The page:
“That cycle of life has been started again and that breeds commerce and industry. When CAMRA started there were only about 50 breweries in the UK and the whole art was being lost. There are now over 1400 breweries. The Campaign for Real Ale has been an important motivator and advocate for real ale.

“The campaign promotes the production and the drinking of cask ale and works hard to save it as an art form.”

More recently CAMRA’s focus has been on supporting community pubs, many of which are being lost, and trying to drive down “excessive” taxes on the drink. It now supports cider brewers, too, resisting impending taxes on small producers to help the micro breweries which use local produce flourish and help their local economies.

Forth Valley branch – which covers an area from Linlithgow in the east, right over to Loch Lomond and up as far as Killin at the bottom of Loch Tay – has around 350 members, “a reasonable number” according to chairman Bill Purnell, a 63-year-old draughtsman, who has been a member for 10 years.

He spoke about the logistics involved in running the popular festival which attracts around 1000 drinkers over the course of the weekend.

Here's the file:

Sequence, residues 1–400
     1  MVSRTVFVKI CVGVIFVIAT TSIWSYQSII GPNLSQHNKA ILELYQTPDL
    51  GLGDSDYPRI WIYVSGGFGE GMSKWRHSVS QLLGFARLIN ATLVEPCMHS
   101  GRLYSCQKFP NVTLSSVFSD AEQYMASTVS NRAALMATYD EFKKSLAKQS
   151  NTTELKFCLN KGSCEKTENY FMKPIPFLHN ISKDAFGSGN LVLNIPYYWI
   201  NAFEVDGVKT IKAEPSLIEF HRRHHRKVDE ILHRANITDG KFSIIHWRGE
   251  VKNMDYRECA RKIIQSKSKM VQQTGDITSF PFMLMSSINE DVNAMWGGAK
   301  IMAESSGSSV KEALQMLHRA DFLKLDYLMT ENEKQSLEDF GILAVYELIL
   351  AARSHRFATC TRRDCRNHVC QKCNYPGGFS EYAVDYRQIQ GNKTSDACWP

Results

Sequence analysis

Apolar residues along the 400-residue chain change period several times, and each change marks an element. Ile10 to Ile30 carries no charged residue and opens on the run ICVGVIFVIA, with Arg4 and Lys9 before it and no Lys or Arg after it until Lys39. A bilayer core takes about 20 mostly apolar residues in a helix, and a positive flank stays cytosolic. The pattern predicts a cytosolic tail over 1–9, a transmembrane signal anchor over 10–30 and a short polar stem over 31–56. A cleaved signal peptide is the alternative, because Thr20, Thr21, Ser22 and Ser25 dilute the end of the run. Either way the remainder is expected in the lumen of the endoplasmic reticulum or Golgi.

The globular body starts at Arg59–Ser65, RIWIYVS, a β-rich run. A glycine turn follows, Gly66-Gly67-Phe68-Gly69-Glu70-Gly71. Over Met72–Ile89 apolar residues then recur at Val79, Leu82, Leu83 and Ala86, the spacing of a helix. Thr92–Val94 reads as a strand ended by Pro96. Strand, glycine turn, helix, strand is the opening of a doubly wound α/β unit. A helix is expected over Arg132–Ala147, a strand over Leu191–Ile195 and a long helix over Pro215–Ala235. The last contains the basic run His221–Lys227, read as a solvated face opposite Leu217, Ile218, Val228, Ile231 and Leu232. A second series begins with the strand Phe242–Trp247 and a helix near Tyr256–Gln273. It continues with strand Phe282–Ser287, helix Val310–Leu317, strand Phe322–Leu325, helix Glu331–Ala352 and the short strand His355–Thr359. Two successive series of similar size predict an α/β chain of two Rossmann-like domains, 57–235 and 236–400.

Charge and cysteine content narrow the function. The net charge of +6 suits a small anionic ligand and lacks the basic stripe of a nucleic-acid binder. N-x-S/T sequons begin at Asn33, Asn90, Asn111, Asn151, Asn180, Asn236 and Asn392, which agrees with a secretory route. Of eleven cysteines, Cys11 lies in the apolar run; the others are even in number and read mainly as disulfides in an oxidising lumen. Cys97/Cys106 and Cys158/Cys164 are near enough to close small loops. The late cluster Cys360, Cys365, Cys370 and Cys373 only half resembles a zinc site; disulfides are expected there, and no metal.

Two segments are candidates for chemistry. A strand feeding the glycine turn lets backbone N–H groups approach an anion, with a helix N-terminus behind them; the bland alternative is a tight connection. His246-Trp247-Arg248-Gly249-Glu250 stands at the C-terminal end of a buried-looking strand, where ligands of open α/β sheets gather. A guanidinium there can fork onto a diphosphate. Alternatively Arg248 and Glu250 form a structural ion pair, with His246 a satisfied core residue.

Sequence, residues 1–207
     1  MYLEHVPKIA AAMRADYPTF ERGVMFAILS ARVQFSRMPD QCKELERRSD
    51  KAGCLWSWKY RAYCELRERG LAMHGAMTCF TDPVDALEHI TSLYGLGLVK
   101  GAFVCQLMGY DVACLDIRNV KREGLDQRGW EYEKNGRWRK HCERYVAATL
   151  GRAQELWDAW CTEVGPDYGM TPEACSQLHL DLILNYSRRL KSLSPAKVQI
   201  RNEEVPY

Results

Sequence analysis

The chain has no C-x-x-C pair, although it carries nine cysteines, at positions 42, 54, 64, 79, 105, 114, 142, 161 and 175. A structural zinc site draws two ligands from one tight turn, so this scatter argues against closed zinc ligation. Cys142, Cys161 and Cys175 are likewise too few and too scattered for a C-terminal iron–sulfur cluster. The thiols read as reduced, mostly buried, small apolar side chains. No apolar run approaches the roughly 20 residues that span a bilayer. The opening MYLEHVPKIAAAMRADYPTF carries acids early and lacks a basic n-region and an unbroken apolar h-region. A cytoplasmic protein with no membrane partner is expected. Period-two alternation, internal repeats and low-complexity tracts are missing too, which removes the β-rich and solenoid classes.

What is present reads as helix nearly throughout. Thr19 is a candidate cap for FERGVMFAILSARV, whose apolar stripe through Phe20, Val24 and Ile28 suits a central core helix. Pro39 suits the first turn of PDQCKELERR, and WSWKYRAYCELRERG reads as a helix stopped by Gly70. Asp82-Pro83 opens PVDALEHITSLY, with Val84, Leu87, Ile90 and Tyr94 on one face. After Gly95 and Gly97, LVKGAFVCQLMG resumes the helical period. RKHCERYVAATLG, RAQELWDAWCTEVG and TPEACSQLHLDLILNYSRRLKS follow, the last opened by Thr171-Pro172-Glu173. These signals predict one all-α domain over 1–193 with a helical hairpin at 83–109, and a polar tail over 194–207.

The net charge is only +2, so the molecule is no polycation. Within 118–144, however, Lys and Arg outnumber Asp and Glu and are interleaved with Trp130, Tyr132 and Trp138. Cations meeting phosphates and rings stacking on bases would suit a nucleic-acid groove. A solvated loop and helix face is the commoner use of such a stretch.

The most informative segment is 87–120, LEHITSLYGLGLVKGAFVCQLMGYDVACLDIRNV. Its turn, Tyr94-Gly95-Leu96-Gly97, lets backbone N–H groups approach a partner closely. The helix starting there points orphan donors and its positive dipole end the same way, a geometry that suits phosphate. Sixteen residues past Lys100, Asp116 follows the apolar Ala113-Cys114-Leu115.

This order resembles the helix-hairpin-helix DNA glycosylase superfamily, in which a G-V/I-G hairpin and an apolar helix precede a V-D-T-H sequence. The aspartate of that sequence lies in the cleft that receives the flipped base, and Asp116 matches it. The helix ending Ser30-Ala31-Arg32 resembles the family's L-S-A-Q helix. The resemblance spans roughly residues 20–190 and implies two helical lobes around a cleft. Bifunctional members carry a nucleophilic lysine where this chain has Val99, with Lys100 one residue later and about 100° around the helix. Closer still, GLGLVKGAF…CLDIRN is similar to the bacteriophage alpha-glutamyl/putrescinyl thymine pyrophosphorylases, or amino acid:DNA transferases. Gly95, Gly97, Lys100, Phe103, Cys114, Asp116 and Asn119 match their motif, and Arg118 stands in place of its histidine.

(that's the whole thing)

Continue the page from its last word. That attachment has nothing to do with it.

“The festival has now been going seven years,” said Bill. “We used to have two festivals a year in Alloa but decided that we needed to get into another area in the Forth Valley and managed to find the Dobbie Hall. Finding a hall can be difficult.

“Quite a lot of work goes into the festival. Getting beers in can be a problem. In fact one of the breweries couldn’t get their beer here for the competition.

Thankfully, we get help from a few places, This year the Station Hotel has been really great and helped us a lot.

“Apart from sponsoring the festival they’ve allowed us use of their facilities, with the beer being delivered to the hotel before being brought up here.

“We moved into the hall onWednesday lunchtime and everything has to be set up from there. Prior to that we have a lot of meetings. We need to find sponsors, there’s beer ordering to do as you have to give brewers a reasonable amount of time and notice, and we like to bring some beers up from down south as well, usually delivered through a wholesaler.”